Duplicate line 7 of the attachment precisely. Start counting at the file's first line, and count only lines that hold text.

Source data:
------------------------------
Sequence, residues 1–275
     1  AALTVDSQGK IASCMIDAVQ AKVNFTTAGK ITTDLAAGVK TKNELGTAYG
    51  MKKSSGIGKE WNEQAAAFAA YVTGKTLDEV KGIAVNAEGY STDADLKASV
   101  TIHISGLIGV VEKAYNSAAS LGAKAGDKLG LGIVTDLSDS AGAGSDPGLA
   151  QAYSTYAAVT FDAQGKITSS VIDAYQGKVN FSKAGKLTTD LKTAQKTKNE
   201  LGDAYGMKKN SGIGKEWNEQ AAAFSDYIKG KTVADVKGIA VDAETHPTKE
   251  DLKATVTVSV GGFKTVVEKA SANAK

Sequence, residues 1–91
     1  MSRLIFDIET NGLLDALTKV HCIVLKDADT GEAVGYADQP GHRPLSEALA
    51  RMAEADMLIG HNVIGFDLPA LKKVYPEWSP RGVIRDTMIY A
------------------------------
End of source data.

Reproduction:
   251  DLKATVTVSV GGFKTVVEKA SANAK